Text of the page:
The housing, which is preferably dimensionally heat stable (that is not heat shrinkable), preferably has an aperture in its base or wall to permit entry and exit of a portion of the cable from which breakouts are to be made. This entry-and-exit hole may conveniently be placed in the base of a cylindrical housing between two outlet holes which are preferably present each preferably leading to a four legged breakout article as described above.
The legs of the breakout articles may enclose pre-installed wires and the end of a given leg may be expanded (relative to the remainder of the leg) as described above to facilitate tucking in of connections subsequently made to a cable portion passing through the leg, followed by recovery of the end portion of the leg.
The invention also provides a method of making a cable breakout wherein a cable portion is led off through a said tube of an article as described above or a connection is made to the free end of a cable portion extending through such a tube, that tube is isolated from the other tube(s) of the said article by bending the one or the other(s) to an extent permitting operations to be carried out at least on an end portion of that tube substantially in isolation from the other tube(s), and operations are thereafter carried out on a portion of that tube substantially in isolation from the other tube(s) to seal the tube around the relevant cable portion and/or the said connection.
It is usually advantageous to recover the recoverable outlet portions individually by flexing the one to be recovered away from the other or others so as to avoid accidental recovery of the other or others.
This is especially useful when heat recoverable articles are used, in which case the use of a heat shield, for example a sheet of heat resistant material to be placed between the outlet portion to be recovered and the other or others, may be rendered unnecessary. If desired, a further heat recoverable article such as a sleeve may be recovered over the end of the outlet.
The preferred process for making the breakout articles according to the present invention comprises providing a parison of polymeric material, blowing the parison in an appropriate mould to produce the desired article either with the tubes initially separate from each other, or with the tubes initially joined together to be separated subsequently, and cross-linking the polymeric material. Preferably the process also includes expanding at least part of the or each article to a temporarily stable expanded state from which it is recoverable towards an unexpanded state. The operations of this method may be carried out in any appropriate order.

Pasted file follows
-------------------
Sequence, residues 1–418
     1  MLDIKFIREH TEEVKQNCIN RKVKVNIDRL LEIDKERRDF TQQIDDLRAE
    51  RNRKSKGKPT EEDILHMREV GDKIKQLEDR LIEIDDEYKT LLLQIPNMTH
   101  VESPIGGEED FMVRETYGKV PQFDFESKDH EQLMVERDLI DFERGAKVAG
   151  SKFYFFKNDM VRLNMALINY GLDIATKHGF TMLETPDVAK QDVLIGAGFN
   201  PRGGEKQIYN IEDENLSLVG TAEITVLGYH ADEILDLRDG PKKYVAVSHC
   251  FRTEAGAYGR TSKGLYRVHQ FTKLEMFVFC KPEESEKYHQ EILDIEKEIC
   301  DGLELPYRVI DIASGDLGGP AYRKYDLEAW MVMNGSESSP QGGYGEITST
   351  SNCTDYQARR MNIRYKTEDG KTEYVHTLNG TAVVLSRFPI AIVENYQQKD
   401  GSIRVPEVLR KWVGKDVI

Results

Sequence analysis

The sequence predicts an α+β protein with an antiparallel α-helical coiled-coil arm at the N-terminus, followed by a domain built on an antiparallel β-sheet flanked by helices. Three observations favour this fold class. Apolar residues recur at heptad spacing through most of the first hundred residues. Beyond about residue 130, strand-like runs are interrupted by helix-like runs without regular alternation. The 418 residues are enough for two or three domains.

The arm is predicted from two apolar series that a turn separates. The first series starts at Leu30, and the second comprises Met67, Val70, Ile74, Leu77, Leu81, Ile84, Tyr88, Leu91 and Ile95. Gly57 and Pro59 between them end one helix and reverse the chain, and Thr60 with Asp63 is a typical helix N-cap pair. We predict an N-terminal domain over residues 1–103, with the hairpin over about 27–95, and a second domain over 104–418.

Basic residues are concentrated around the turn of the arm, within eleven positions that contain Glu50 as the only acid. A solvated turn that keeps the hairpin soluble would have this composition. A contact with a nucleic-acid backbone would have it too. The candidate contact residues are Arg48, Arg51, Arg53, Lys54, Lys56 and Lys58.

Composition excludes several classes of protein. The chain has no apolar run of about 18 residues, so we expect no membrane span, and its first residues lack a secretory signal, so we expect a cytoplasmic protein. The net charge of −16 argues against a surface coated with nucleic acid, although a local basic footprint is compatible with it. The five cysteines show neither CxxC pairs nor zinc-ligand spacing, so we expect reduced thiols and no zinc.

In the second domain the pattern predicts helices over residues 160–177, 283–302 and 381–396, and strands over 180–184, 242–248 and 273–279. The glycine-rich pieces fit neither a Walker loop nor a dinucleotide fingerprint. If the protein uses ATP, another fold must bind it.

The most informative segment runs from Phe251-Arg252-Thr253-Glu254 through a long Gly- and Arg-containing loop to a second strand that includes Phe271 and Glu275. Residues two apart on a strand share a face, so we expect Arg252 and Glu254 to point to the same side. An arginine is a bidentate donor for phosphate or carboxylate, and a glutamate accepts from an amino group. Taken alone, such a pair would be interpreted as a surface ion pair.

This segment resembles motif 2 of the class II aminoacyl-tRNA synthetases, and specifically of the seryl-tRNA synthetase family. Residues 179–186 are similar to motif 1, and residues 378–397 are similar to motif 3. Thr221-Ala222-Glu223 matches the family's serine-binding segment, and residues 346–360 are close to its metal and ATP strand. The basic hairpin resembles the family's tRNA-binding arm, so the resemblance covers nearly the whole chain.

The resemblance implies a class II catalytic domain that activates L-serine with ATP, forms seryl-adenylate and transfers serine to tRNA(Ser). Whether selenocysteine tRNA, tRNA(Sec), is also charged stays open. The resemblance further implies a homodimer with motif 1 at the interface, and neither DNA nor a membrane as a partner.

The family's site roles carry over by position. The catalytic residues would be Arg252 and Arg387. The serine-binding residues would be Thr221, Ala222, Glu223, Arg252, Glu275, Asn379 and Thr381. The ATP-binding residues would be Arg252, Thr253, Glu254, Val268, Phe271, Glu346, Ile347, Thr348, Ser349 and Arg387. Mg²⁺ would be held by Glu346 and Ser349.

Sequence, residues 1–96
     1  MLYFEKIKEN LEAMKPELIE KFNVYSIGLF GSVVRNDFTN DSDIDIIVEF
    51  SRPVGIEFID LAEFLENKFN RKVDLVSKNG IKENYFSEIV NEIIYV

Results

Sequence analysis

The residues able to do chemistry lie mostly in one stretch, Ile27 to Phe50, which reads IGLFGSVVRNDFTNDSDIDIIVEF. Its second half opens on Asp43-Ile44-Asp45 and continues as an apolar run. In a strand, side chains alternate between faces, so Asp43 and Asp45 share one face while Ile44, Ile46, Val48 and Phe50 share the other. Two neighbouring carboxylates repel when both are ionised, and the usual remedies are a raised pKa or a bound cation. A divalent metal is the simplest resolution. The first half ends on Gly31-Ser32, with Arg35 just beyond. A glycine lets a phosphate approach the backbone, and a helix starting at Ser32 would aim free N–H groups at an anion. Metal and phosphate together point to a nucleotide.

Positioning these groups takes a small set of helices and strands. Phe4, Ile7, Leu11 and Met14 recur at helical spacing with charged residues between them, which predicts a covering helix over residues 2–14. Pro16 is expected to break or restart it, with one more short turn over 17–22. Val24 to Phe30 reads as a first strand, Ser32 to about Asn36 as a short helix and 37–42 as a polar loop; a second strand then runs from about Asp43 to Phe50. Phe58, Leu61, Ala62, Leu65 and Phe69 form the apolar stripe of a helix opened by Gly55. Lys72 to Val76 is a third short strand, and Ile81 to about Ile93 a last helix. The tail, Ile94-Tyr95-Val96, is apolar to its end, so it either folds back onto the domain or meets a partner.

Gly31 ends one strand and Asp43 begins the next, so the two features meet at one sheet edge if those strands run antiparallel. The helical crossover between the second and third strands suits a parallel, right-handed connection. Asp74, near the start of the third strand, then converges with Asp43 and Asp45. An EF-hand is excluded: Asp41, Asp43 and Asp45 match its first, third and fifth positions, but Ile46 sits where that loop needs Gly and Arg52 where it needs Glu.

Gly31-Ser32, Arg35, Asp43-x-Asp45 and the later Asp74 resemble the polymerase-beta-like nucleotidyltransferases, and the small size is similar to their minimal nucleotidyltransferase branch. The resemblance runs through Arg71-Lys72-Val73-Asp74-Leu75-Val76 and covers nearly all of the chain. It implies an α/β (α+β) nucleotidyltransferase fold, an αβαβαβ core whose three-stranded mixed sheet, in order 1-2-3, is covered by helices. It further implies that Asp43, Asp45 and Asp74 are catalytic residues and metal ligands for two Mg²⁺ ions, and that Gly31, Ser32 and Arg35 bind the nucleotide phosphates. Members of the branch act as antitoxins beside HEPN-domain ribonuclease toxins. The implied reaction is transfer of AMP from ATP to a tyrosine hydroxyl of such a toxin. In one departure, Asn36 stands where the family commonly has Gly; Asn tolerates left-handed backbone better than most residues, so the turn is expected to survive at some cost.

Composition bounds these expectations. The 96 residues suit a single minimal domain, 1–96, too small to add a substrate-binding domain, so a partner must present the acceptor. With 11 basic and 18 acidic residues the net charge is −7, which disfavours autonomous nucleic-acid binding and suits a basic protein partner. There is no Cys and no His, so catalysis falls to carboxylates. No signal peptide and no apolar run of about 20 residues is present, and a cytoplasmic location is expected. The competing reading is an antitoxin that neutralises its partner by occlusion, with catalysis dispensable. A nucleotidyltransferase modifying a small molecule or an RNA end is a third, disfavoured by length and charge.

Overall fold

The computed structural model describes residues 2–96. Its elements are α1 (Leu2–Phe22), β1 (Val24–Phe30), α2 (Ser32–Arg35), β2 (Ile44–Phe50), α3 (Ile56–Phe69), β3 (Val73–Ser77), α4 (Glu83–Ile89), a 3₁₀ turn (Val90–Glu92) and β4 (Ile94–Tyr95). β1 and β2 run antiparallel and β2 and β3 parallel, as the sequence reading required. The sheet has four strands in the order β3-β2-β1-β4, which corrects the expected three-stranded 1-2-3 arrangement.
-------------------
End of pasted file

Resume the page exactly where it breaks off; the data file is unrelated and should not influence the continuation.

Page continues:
Alternatively, the article may formed by fusing together portions of two superposed sheets or a doubled over single sheet of polymeric material. Preferably, cross linking is carried out by irradiation before the expansion step which can then be carried out at a temperature above the crystalline melting point of the polymer in a known manner, but cold expansion before the cross linking step (and preferably also before the fusing step) could also be used if convenient. Cold expansion means expansion at a temperature below the crystalline melting point or softening point of the polymeric material in question.
Breakout articles according to the invention which have the outlet tubes lying substantially in line with a tubular body portion may be made more conveniently by the flow moulding technique, whereas articles having three or more outlet tubes lying side by side in substantially one plane can be conveniently produced also by the fusing technique to provide a series of breakout articles which can then be separated by cutting.